Getting Serious about Community Development (Part 5)

Change leadership is an empty thing. This is not cynic remark, but a crucial observation of where our added value as a practitioner is located: in context, rather than content.

I came to this conclusion by digging deeper into the subject of holding space. Holding space is one of those things where one can have a vague feeling about, without necessarily having the language to express or pinpoint what it means to us.

A theory of holding space

In essence holding space is exactly what the words say: physically holding a room with the intent of making something possible. It’s like holding onto the walls, the floor and the ceiling and making sure that the room is safe for people to convene and develop community around the possibility that is in front of them. It is different from filling the room with the things that are necessary for the future state to occur.

It gets a little trickier whenever the space you are supposed to be holding is larger than a birdcage. What if you need to hold the space for a large audience when you are giving a presentation? In that case it helps to mentally anchor the 8 physical points that define the room you are in. You do this by simply looking at them one by one. Apart from being a pleasant trick from the how-to-give-a-presentation-101 tool-book, this is a good way to ground yourself as a presenter; and that is an important aspect of holding space: it links your physical presence to what is possible in that moment.

An application of holding space

In change projects holding space is a critical skill to master. It requires you to be aware of your presence and at the same time to be aware of your contribution.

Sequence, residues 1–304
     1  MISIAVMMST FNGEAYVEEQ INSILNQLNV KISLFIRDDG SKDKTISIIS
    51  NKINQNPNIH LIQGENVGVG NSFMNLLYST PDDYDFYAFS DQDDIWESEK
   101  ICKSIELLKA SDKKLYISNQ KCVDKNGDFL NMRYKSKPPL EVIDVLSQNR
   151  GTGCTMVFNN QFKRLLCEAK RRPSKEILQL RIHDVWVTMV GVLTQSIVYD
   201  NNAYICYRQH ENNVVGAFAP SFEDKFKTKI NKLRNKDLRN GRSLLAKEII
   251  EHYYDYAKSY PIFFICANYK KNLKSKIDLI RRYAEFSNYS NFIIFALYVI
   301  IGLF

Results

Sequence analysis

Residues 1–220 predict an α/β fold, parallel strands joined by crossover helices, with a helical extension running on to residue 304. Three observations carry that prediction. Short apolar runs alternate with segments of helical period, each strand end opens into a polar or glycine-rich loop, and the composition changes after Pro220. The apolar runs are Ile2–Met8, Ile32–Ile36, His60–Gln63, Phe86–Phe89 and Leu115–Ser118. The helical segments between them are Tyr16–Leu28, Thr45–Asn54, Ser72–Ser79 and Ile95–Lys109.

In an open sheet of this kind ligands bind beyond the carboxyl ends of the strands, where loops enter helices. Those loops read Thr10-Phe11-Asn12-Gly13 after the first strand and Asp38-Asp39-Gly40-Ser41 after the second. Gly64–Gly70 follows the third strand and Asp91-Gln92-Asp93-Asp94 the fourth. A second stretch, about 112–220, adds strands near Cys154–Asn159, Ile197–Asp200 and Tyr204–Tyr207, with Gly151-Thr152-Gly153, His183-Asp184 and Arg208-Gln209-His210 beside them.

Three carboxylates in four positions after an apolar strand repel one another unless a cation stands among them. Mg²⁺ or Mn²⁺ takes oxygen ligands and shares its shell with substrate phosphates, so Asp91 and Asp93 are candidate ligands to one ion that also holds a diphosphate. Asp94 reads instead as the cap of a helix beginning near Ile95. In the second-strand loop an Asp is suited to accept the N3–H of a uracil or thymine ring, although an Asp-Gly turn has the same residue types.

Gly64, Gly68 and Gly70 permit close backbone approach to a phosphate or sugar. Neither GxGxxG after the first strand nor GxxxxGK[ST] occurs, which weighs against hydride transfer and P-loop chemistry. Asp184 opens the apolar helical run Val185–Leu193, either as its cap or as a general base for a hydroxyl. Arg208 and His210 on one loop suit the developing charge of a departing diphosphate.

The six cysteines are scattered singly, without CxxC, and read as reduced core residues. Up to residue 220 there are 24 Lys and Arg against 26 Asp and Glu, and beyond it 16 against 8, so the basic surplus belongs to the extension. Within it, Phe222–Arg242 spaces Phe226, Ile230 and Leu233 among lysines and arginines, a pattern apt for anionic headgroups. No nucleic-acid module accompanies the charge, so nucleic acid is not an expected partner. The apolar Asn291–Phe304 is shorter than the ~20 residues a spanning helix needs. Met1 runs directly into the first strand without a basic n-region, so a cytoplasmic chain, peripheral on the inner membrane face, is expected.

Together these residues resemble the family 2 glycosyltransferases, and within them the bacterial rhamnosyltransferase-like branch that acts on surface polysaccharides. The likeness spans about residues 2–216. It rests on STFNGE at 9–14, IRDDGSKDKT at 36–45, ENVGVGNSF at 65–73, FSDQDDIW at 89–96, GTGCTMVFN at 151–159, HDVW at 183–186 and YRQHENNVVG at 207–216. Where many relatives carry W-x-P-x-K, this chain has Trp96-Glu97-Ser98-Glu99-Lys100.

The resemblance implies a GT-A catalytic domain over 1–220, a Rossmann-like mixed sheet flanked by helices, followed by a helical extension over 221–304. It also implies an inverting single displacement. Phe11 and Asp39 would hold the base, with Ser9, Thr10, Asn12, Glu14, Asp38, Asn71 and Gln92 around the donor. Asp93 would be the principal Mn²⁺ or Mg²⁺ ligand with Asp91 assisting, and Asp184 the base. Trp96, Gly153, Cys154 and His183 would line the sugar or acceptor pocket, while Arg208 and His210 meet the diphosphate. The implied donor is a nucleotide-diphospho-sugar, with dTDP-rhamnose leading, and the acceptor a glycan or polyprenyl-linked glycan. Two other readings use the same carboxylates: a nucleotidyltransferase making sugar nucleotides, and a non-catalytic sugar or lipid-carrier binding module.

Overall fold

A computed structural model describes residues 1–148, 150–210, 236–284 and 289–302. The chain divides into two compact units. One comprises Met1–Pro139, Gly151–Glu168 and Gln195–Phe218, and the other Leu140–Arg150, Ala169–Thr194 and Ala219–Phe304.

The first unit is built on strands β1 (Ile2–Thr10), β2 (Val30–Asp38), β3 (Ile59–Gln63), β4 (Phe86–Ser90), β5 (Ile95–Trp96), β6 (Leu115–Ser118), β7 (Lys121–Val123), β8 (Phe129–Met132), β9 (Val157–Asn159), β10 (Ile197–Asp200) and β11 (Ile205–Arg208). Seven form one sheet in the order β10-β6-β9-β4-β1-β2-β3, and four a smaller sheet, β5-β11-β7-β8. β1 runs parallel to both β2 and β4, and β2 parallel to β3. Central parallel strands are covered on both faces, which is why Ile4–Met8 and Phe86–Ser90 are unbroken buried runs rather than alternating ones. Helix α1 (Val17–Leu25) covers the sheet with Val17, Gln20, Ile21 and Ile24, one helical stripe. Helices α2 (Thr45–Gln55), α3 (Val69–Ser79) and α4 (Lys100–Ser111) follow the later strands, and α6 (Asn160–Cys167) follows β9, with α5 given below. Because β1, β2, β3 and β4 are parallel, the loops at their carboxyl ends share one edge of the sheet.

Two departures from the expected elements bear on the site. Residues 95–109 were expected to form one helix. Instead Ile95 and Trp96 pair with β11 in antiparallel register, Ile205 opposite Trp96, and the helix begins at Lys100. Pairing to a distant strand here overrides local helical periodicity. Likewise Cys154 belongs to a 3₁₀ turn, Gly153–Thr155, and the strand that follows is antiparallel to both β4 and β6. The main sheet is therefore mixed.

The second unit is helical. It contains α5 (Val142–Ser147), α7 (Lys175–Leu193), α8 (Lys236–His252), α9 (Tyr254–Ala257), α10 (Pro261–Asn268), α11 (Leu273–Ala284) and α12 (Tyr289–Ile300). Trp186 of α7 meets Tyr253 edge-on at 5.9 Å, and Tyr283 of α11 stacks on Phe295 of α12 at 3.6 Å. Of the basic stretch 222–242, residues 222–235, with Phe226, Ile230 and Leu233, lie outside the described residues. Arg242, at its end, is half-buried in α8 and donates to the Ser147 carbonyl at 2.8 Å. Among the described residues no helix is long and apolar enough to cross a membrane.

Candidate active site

1. Awareness of your presence right here and right now. When I look at my craft as holding the space for possibilities to occur, I am directly sucked into the present and I realize instantly that possibility can only occur in this moment and in this physical space. I have no clue of how the biochemistry in our brains works, but I suspect that fixing the eight points of the physical room brings about the same results as speaking out loud to yourself about who you are and where you are. Previously I have referred to this as ‘un-numbing‘ this moment.
  2. Awareness of your contribution as a change leader… the emptiness of leadership. It also makes us aware of the fact that leadership is empty. In fact, leadership as holding space is a two-step process.
    • The first step is the difficult work of distilling principles and shaping context. This is the awkward (and often undervalued) work of starting conversations to break through the imaginary wall of the unthinkable. Most of the times, what is possible right now is unthinkable, because of our own mindsets (a few weeks ago I gave the example of what this means for social learning).
    • The second step is the difficult work of pulling your ego out of that space and at the same time being present to navigate the room. When we get hooked into being right or defending a position we automatically reduce the possible to what is thinkable from our perspective. Don’t scratch that itch. You cannot be a problem solver and a space holder at the same time. The net result of pulling your ego out is that we can build the capacity of community members to be accountable and to become creators of community.

An experiment of holding space

Although all of the above is true for presence and physical spaces in the here and now, the current rise and popularity of digital communities and social media is pushing us to stretch the concept of holding a space. Here is an experiment I have recently started together with a team of dedicated community managers: holding space for the Organizational Change Practitioners group on LinkedIn.

The challenge that is in front of us is to develop a community out of a pool of more than 35.000 members. Have a look at the below video to see how we made the announcement.

Needless to say, this experiment is ongoing, and like many change projects the insights come in hindsight and the work gets messy from time to time. And that’s OK, because we are currently operating with a different awareness about our intent in the long run. Seeing ourselves as the space holders for ‘the possible’ to occur, guides our daily action differently. Most of all, it prevents us from getting hooked into the being right or defending a position. And: it’s a great learning journey (that’s a real bonus).